In addition to the many bills that pertain to specific towns (home rules) or individuals (for e.g. sick banks), here is a list of some of the session’s achievements – bills that were passed into laws:
Title X Funding, in the FY19 supplemental budget, we made $8 million available to women’s reproductive health organizations in Massachusetts to offset the loss of federal funding due to the Trump Administration’s changes to the Title X program (known as the “gag order”). This supplemental budget also included additional funds to support low income heating assistance to make up for the loss of federal funds in this critical program for so many of our neighbors.
(signed into law by Governor on March 29, 2019)
Gay Conversion Therapy Ban, prohibited practices that attempt to change a minor’s sexual orientation or gender identity
(signed into law by Governor on April 8, 2019)
Lift the Cap on Kids, eliminated a decades-old cap on how much a family could receive in public assistance, specifically not covering additional children.
(OVERRIDE: passed over Governor Baker’s veto on April 25, 2019)
Chapter 90, provided $200 million in funding to help municipalities complete road, bridge, and infrastructure improvement projects
(signed into law by Governor on June 6, 2019).
FY 2020 Budget, made significant investments in education, substance use services, housing, health care, legal services, immigrant services, among many others.
Also included were two of my amendments to support the Amherst-Pelham CCE project and to support the Musante Health Center outreach efforts. In addition, the budget included funds for Craigs Doors, a homeless shelter in Amherst.
(signed into law by Governor on July 31, 2019).
Janus, protected public sector employees’ right to bargain collectively and the ability of unions to represent these rights following the U.S. Supreme Court’s Janus decision
(OVERRIDE: passed by the General Court over Governor Baker’s veto on September 19, 2019).
Higher Education Transparency and Financial Stability, enabled the Department of Higher Education to monitor the fiscal health of private colleges and universities in Massachusetts in order to provide fiscal transparency and security to students and their families. The bill includes four words that I am the proud author of: “host communities”, “staff” and “faculty” as additional stakeholders who need to be kept in the loop should a college be in fiscal trouble or face imminent closure.
(signed into law by Governor on November 14, 2019).
Flavored Tobacco/Nicotine Ban, prohibited all flavored tobacco/nicotine products (traditional combustibles and e-cigarettes) and taxed vaping products in an effort to prevent the marketing of these products to youth and ultimately to prevent youth use. Taxes collected will be directed to prevention services.
(signed into law by Governor on November 27, 2019)
Hands Free Driving, restricted drivers from using hand-held electronic devices in vehicles unless they are hands-free.(signed into law by Governor on November 25, 2019)
Student Opportunity Act, provided a historic and revolutionary change in the Chapter 70 education funding formula for K-12 in Massachusetts. It will allocate $1.5 billion over the next 7 years for the K-12 public education system, ensuring schools have the resources to provide a quality education to students across the Commonwealth, regardless of zip code or income level.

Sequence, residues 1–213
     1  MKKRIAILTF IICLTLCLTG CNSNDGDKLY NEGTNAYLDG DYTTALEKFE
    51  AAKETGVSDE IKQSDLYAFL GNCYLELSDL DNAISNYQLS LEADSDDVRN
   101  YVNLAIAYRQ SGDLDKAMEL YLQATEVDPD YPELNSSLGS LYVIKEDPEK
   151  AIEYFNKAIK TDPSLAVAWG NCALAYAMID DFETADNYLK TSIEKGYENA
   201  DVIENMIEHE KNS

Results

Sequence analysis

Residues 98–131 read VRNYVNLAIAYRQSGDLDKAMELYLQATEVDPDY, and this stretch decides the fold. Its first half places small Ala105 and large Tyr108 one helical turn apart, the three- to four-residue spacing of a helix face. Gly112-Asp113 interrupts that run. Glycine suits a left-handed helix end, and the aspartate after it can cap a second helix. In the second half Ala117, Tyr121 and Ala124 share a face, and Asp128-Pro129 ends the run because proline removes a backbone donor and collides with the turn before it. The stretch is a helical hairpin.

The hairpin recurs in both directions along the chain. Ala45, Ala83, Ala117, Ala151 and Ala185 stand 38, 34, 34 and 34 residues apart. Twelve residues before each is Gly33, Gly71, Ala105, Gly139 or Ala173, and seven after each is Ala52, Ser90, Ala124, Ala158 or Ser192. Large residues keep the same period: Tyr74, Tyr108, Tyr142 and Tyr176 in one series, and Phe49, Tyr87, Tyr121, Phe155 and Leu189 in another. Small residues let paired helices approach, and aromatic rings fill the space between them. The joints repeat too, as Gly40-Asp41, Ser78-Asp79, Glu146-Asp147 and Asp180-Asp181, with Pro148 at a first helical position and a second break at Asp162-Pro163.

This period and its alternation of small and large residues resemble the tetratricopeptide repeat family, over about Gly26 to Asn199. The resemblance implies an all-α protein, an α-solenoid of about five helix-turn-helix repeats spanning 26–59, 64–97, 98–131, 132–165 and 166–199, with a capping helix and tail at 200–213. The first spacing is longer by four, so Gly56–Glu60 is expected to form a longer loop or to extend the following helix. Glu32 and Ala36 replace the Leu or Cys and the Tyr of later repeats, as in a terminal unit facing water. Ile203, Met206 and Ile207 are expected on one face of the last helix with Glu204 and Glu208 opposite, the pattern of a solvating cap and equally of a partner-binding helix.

This law includes my amendment that requires charter schools to be subject to the same accountability as required by district schools.
(signed into law by Governor on November 26, 2019).
Children’s Health and Wellness, secured health care benefits for youth ageing out of foster care, required insurance companies to update their provider directories and maintain accurate listings to facilitate access, and focused on children with complex medical needs.
(signed into law by Governor on November 26, 2019)
Campaign Finance Reform, changed campaign reporting requirements to require state level officials and legislators to file campaign finance reports more frequently (and automatically via their bank accounts), in the same fashion as local officials.
(signed into law by Governor on November 26, 2019).
Amending the Massachusetts (state) Constitution is a lengthy process, requiring the House and Senate to pass legislation several times in concurrent sessions. The following bill has been approved by both the House and the Senate in 2019. It must still be passed by the next General Court in the 2021 session, and then passed by Massachusetts voters at the ballot box in 2022 in order to become law.
Fair Share Amendment, seeks to amend the Massachusetts Constitution to place an additional 4% tax on annual taxable income in excess of $1 million.
Though the two branches (House and Senate) operate independently, in order for a bill to become a law both Chambers need to agree on and pass identical legislation. This can be a lengthy process. Here are some of the bills that passed in the House in 2019, and currently await action from the Senate.
Greenworks, invests $1.3 billion to help cities and towns across Massachusetts fund infrastructure projects aimed at climate change adaptation and reducing greenhouse gas emissions, includes additional support for electric vehicle infrastructure (passed by the House on July 24, 2019; awaiting action by the Senate).
Women’s Rights History Trail, establishes a commission to establish such a trail across the Commonwealth (passed by the House on September 18, 2019 awaits action by the Senate).
Veterans Mental Health Care, improves mental health care for student veterans (passed by the House on November 6, 2019; awaiting further action by the Senate).
Breakfast After the Bell, ensures that every hungry child in MA schools gets free breakfast in their classroom with their peers. (passed by the House on November 20, 2019, awaits action by the Senate).